What do lower bond yields mean for equity multiples? - J.P. Morgan Asset Management

What do lower bond yields mean for equity multiples?

Contributor Alex Dryden

Falling bond yields have been a common theme of 2019, the yield of the U.S. 10-year has fallen over 73bps since its recent high in November 2018. U.S. bond yields have been weighed down by falling bond yields in international markets, currently 29% of global government bonds yield below 0%. The impact of low, or even no yield, in bond markets has reignited the hunt for yield as investors have flooded to higher yielding asset classes, such as U.S. high yield and convertibles, looking for better returns. However, bonds do not work in isolation and there are important takeaways for equity investors.

As we highlight in the below chart, a side-effect of lower bond yields is typically higher equity market multiples. The theory behind this relationship, is that equity prices are a function of future cash-flows discounted back at an appropriate interest rate. In today’s investment environment rates are lower, this inflates the value of future cash flows and pushes equity market multiples higher.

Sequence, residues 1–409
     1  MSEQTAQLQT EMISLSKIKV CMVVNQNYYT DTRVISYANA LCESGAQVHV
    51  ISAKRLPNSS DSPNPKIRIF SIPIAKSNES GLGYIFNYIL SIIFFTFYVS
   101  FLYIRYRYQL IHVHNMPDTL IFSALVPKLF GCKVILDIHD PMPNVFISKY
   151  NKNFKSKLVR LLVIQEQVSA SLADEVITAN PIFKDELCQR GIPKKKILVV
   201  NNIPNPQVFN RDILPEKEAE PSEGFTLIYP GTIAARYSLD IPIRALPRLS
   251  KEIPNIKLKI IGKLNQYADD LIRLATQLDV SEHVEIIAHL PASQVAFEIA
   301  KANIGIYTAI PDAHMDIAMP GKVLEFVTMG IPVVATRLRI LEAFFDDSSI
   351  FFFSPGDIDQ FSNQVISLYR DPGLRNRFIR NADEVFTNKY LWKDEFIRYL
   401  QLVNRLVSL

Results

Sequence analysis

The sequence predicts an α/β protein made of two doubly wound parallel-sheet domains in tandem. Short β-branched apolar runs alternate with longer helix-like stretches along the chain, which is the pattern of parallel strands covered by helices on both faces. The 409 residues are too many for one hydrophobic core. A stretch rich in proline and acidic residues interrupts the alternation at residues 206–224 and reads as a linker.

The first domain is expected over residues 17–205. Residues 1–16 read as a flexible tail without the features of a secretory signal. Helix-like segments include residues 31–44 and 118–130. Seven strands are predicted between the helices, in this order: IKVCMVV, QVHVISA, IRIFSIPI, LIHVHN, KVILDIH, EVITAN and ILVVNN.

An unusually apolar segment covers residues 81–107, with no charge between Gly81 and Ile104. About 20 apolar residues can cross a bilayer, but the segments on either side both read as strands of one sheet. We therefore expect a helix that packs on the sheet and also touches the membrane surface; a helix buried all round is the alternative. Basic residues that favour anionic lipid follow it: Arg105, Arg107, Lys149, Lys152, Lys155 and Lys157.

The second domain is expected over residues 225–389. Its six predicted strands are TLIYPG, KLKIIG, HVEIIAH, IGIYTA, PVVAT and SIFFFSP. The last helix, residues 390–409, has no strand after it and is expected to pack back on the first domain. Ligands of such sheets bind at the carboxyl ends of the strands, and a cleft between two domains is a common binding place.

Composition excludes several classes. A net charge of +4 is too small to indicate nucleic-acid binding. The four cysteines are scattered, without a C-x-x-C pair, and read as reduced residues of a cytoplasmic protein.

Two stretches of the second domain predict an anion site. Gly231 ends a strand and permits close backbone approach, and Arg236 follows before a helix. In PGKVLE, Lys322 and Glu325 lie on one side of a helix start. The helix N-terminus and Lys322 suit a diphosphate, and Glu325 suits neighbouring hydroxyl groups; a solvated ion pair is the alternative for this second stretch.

With global inflation expectations muted and central banks on hold, it looks likely that yields will remain lower for longer. Investors therefore are likely to see inflated equity multiples for the foreseeable future, helping support performance. However, investors should be cautious about overpaying for equities at this late stage in the economic cycle. For the time being economic growth looks solid but should conditions deteriorate expensive equity valuations can damage portfolio performance as multiples correct.

To learn more about the impact of negative bond yields, read my latest article, Fixed Income: Why all the negativity?

S&P 500 P/E ratio versus U.S. 10-year yields

Source: IBIS, Shiller, FactSet, J.P. Morgan Asset Management. IBIS NTM estimates are used until 1985. Between 1975 and 1985, CAPE-Shiller P/E ratios are used Data are as of April 30, 2019.

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